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United States Commodity Futures Trading Commission v. Wilson

United States District Court, S.D. New York

June 26, 2014


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For United States Commodity Futures Trading Commission, Plaintiff: A. Daniel Ullman, Us Cftc, Washington, DC; Jason Andrew Mahoney, PRO HAC VICE, U.S. Commodity Futures Trading Commission, Washington, DC; Michael Robert Berlowitz, PRO HAC VICE, U.S. Commodity Futures Trading Commission(NYC), New York, NY; Paul G. Hayeck, U.S. Division of Enforcement, Washington, DC; Sophia Siddiqui, PRO HAC VICE, Us Commodity Futures Trading Commission, Washington, DC.

For Donald R. Wilson, DRW Investments, LLC, Defendants: Michael Sangyun Kim, LEAD ATTORNEY, Kobre & Kim LLP, New York, NY; Andrew C. Lourie, Kobre & Kim, LLP (DC), Washington, DC; Jason Maurice Manning, Melanie Lisa Oxhorn, Kobre & Kim LLP, New York, NY.

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ANALISA TORRES, United States District Judge.

Plaintiff, the United States Commodity Futures Trading Commission (the " CFTC" ), brings this action against Donald R. Wilson (" Wilson" ) and his company DRW Investments, LLC (" DRW" and collectively, " Defendants" ), alleging violations of Sections 6(c) and 9(a)(2) of the Commodity Exchange Act (the " CEA" ), 7 U.S.C. § § 9 and 13(a)(2). Defendants move to dismiss the complaint pursuant to Federal Rules of Civil Procedure 12(b)(2), 12(b)(3), and 12(b)(6) or, in the alternative, to transfer venue to the District Court for the Northern District of Illinois, Eastern Division pursuant to 28 U.S.C. § 1404(a). For the reasons stated below, Defendants' motion is DENIED.


The following facts are taken from the complaint and accepted as true for the purposes of this motion. See ATSI Commc'ns, Inc. v. Shaar Fund, Ltd., 493 F.3d 87, 98 (2d Cir. 2007).

I. The Parties

The CFTC is a federal regulatory agency charged with responsibility for administering and enforcing the CEA, 7 U.S.C. § § 1, et seq., and the regulations promulgated thereunder, 17 C.F.R. § § 1.1 et seq.

DRW is an Illinois limited liability corporation with its principal place of business in Chicago, Illinois. DRW was registered with the National Futures Association as a Commodity Trading Advisor until January 23, 2013. DRW is a wholly-owned subsidiary of DRW Holdings, LLC. DRW Holdings, LLC, maintains an office for DRW Commodities, a business affiliated with DRW, in New York, New York. Compl. ¶ 13.

Donald R. Wilson, a resident of Illinois, served at all times relevant to this action as CEO and Manager of DRW. Id. ¶ 15.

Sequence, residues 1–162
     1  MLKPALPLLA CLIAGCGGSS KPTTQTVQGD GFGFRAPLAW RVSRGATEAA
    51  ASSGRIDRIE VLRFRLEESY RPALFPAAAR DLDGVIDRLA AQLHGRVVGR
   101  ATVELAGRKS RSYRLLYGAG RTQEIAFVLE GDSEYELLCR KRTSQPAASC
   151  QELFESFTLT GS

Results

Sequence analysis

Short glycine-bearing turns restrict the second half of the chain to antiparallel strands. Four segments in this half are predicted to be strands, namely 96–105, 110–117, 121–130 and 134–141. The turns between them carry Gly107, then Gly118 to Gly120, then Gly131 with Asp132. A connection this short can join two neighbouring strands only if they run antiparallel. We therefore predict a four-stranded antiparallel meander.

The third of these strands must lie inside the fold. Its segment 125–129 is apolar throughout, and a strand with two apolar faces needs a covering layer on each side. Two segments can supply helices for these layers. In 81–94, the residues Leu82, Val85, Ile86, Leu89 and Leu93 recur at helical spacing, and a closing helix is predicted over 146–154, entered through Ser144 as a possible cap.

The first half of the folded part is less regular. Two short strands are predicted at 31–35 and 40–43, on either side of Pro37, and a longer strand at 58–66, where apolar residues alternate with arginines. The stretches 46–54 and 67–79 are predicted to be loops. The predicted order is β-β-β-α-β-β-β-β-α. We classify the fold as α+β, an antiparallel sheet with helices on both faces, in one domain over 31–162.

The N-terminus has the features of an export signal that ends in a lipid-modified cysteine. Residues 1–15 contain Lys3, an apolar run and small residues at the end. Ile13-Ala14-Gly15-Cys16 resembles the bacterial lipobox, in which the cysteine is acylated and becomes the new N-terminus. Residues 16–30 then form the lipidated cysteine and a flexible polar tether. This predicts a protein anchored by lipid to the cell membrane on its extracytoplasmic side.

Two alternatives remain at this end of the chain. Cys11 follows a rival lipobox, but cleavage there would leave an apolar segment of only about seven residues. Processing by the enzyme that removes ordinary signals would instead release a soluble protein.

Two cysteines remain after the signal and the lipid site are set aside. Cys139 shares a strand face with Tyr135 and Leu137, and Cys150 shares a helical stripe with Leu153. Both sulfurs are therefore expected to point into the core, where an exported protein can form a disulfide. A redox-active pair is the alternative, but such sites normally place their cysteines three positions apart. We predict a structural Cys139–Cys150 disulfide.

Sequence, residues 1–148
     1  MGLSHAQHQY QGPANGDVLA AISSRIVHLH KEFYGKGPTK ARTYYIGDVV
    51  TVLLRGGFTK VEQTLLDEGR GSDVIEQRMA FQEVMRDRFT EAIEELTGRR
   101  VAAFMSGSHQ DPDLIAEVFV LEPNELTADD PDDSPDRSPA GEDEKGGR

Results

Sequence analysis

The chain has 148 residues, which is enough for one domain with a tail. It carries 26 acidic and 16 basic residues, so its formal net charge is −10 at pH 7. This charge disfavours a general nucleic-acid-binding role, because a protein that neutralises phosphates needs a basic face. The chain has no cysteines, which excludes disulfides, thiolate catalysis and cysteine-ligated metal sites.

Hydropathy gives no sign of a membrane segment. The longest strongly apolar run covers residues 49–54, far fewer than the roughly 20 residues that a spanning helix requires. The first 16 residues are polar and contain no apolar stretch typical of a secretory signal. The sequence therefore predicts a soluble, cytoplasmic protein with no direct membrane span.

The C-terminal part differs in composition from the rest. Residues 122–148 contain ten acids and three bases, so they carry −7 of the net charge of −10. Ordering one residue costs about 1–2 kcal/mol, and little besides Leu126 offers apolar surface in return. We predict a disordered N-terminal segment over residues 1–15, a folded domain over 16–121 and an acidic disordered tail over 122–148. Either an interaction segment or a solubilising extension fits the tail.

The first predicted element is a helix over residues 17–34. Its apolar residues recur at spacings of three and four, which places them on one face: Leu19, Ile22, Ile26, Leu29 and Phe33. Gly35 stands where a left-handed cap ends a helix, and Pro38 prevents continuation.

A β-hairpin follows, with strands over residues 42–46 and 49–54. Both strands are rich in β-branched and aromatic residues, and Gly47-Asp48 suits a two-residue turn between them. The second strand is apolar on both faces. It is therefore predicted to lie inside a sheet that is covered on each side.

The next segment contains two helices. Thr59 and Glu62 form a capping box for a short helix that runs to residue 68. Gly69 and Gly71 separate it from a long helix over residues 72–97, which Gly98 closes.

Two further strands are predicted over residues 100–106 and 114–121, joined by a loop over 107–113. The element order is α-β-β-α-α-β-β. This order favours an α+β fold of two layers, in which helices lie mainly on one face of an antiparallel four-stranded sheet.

II. The Three-Month Contract

A. Exchange-Traded Interest Rate Futures Contracts

As a general matter, an interest rate futures contract is an agreement executed between two parties, in which the parties agree to make cash payments based on an interest rate. The party who is " long" the futures contract will pay a fixed rate for the duration of the contract, whereas the party who is " short" will pay a floating rate. For this reason, the long party generally profits when interest rates rise, and the short party profits when rates decline. The price of such an interest rate futures contract is typically expressed is terms of interest rates, and its value is based on the difference between the net present values of the fixed and estimated floating cash flows. At the time the contract expires, the parties make cash payments to settle any difference between the fixed and floating rates. Id. ¶ ¶ 2, 17, 26.

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In the United States, futures contracts must be negotiated and cleared on a CFTC-registered futures exchange, sometimes referred to as a Designated Contact Market (" DCM" ), which serves as an intermediary between contracting parties.[1] As described in the complaint, one recognized method for parties to a futures contract to mitigate credit risk is to use a CFTC-registered intermediary known as a Derivatives Clearing Organization (" DCO" ). A DCO is a clearinghouse that enables each party to a futures contract to substitute the credit of the DCO for the parties' own, becoming, in effect, a " middle man" that guarantees that each party's financial obligations under the contract will be satisfied. Id. ¶ 18.